What is Tfue’s streaming setup?
- Monitor: ASUS ROG Swift PG258Q
- Keyboard: Taeha Types Custom Keycult No.1
- Mouse: Logitech G Pro
- Headset: Sennheiser HD 800 S
- Gaming chair: Herman Miller Embody
- Webcam: Logitech Brio
- Microphone: Shure SM7B
Like a lot of the big streamers, Tfue’s setup includes a high-spec gaming PC, a second PC to stream, as well as top-of-the-range gaming gear and production equipment.
For gaming, he uses an ASUS ROG Swift PG258Q monitor, a Logitech G Pro gaming mouse, and a Sennheiser HD 800 S headset for audio.
Tfue recently revealed his brand new, custom-built gaming keyboard – a luxury one-off from Taeha Types – which is worth $3500 on its own.
His powerful gaming PC build includes an Intel Core I7-9700K CPU, an Nvidia GeForce RTX 2080 graphics card, and an ASUS ROG Strix Z390-E mainboard.
A gaming setup to this kind of spec would set you back around $4000-$5000 (£3200-£4000), but with the new addition of his very expensive custom keyboard, Tfue’s gaming gear is likely to total much more.
His streaming gear includes a Shure SM7b microphone, a Logitech Brio webcam, and a GoXLR control panel.
Tfue’s gaming chair is a Maxnomic Commander S.
In early 2019, he posted a setup tour vlog to his YouTube channel, claiming the cost of his entire streaming setup was $20,000. However, a lot of his gear has likely changed or been upgraded since then.
What are Tfue’s settings?
As Tfue is a pro Fortnite player, many want to know the secrets to his success and emulate his playstyle. Having the right settings can, on occasion, give you that edge over an opponent.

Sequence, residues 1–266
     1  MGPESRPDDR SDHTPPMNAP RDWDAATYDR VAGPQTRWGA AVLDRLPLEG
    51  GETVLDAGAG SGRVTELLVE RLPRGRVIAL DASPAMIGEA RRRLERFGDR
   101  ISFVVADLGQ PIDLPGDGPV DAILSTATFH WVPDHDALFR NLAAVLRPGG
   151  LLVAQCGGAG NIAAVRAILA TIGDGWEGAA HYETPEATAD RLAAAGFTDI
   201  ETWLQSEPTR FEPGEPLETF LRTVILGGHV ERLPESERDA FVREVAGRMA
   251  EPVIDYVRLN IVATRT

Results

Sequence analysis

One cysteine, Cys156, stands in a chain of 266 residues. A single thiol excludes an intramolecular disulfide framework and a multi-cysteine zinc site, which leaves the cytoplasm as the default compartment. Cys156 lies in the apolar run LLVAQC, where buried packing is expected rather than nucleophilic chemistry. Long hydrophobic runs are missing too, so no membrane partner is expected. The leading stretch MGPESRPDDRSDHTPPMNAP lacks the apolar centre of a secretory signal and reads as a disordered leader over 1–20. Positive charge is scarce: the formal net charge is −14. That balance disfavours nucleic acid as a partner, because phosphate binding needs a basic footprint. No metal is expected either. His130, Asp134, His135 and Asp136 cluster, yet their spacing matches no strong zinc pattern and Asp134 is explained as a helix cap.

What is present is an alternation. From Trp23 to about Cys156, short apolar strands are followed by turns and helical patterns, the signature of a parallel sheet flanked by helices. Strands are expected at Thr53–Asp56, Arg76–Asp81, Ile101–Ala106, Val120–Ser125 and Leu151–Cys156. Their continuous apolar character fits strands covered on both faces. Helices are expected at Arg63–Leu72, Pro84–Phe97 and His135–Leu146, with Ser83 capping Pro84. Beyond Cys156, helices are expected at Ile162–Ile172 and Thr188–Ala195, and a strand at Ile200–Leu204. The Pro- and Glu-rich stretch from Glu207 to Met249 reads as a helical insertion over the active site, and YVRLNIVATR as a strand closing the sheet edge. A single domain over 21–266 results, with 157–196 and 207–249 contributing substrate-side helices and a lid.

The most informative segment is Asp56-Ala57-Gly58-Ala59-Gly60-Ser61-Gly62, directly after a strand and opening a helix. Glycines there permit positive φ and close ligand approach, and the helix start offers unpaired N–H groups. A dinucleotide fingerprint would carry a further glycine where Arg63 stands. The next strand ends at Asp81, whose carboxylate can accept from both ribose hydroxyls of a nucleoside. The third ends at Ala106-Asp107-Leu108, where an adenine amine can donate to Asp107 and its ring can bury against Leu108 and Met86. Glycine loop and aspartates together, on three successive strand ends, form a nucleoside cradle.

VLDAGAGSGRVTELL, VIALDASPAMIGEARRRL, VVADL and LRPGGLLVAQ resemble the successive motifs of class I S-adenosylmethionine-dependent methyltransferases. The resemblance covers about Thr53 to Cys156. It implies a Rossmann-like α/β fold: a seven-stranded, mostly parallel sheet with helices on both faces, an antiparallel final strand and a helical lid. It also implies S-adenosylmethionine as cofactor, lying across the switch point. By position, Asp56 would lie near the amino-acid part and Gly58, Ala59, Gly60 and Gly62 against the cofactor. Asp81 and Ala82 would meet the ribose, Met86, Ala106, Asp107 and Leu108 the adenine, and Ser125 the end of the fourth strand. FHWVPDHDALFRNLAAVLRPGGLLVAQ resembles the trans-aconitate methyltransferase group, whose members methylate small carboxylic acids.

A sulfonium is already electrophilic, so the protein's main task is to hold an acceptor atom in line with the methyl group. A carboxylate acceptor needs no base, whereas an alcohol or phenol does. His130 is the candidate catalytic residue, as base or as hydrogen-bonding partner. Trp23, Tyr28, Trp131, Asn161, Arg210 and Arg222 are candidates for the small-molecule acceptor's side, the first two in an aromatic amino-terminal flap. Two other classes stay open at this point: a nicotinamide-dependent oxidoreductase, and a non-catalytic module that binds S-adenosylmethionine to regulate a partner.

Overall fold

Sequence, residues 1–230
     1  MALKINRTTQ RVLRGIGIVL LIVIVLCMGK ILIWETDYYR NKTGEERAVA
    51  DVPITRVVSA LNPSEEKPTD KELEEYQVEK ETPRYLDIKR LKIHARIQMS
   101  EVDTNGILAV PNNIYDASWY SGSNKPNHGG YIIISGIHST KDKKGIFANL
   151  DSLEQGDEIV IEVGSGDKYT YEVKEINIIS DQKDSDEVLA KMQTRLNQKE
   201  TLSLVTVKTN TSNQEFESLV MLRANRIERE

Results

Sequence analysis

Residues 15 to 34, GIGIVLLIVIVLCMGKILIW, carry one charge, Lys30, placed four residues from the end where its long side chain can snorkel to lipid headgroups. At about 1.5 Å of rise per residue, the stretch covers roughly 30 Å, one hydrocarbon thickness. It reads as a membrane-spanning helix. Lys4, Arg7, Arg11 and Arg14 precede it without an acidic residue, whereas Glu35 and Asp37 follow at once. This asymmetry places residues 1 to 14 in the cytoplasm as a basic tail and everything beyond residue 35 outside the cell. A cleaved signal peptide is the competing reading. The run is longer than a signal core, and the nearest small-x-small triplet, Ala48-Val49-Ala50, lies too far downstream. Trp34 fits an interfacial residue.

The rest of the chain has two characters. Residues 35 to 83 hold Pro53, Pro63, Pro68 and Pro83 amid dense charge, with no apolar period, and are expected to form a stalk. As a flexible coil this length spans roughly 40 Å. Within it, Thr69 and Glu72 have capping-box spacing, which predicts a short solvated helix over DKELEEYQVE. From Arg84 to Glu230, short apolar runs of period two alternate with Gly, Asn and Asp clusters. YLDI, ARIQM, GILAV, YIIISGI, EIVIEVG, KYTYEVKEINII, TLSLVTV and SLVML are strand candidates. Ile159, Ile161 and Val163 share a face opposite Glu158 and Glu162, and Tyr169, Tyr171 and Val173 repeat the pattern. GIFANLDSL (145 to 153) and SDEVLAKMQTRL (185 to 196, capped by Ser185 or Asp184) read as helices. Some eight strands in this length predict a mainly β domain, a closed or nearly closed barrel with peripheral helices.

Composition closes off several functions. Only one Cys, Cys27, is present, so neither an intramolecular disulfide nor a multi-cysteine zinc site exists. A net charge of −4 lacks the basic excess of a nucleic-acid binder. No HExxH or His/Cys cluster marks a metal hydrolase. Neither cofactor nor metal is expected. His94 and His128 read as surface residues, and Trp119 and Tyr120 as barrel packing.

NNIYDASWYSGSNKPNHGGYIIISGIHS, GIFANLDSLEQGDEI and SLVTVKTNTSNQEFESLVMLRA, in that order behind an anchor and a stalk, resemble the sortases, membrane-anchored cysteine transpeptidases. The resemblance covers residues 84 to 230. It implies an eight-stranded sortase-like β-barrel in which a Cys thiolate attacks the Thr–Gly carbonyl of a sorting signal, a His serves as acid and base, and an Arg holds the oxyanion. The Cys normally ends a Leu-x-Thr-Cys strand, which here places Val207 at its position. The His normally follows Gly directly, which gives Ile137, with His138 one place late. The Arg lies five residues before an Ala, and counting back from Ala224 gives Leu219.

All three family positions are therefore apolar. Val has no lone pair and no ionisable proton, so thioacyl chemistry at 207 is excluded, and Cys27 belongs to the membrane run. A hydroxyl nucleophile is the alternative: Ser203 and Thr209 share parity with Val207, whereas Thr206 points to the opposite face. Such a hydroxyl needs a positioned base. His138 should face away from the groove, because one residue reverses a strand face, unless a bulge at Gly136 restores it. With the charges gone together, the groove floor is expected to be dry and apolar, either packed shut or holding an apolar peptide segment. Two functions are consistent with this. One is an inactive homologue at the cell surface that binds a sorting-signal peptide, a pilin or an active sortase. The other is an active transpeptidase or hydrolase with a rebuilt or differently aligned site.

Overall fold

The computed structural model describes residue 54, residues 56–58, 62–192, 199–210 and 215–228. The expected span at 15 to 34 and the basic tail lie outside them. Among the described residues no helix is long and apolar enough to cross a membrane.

What are Tfue’s Fornite settings?
Tfue uses these sensitivity settings when playing Fortnite:
- X Sensitivity: 0.10
- Y Sensitivity: 0.10
- Scope Sensitivity: 0.30
- Mouse DPI: 400
- Polling Rate: 1000Hz
When it comes to display settings, Tfue has often played with his view distance and textures set to ‘Epic.’
All other graphics settings, such as shadows, effects, and motion blur are all turned off or set to ‘Low’.
He also plays in the ‘Fullscreen’ window mode with his resolution set to 100%, which will be 1920 x 1080.
When it comes to keybinds, Tfue uses SPACE to jump and LEFT SHIFT to crouch, while using the normal WASD movement keys.
Related: What is Ninja’s Fortnite setup?
When building, he uses R, E, Q, and one of his thumb buttons on his mouse to bring up his various builds. He has three different binds for editing builds: the other thumb button on his mouse, scrolling the mouse wheel up, and the V key.
In combat, he aims and fires with his mouse, reloads with C, uses items and interacts by scrolling down on the mouse wheel, and has his weapon slots set out like this:
- Harvest Tool: 1
- Weapon Slot 1: 2
- Weapon Slot 2: 3
- Weapon Slot 3: 4
- Weapon Slot 4: 5
- Weapon Slot 5: 6
- Trap Slot: F
Is Tfue on Twitch?
Yes, Tfue is on Twitch and has over 9 million followers. His channel also has around 10,000 paying subscribers.
His most watched stream was his Fortnite Chapter 2 stream on October 13, 2019, which hit 316,000 peak viewers. This follows his Fortnite World Cup qualifier on June 2, 2019 which pulled in 289,000 peak viewers.
What’s the situation with Tfue’s FaZe contract?
Tfue is no longer under contract with FaZe Clan after settling a long-running dispute with the organisation in August 2020.
Tfue first started legal proceedings against FaZe in May 2019, claiming that his contract violated California’s Talent Agency Act as he was technically an entertainer and not an athlete. FaZe than came back at Tfue, suing him for breaching the conditions of his contract.
However, all legal proceedings between the two parties have now been settled for an undisclosed amount.